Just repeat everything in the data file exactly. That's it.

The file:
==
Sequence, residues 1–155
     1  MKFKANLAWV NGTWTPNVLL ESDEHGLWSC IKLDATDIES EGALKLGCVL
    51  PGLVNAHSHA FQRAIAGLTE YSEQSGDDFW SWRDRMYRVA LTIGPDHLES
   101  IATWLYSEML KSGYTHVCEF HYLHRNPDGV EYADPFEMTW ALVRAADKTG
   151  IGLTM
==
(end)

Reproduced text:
Sequence, residues 1–155
     1  MKFKANLAWV NGTWTPNVLL ESDEHGLWSC IKLDATDIES EGALKLGCVL
    51  PGLVNAHSHA FQRAIAGLTE YSEQSGDDFW SWRDRMYRVA LTIGPDHLES
   101  IATWLYSEML KSGYTHVCEF HYLHRNPDGV EYADPFEMTW ALVRAADKTG
   151  IGLTM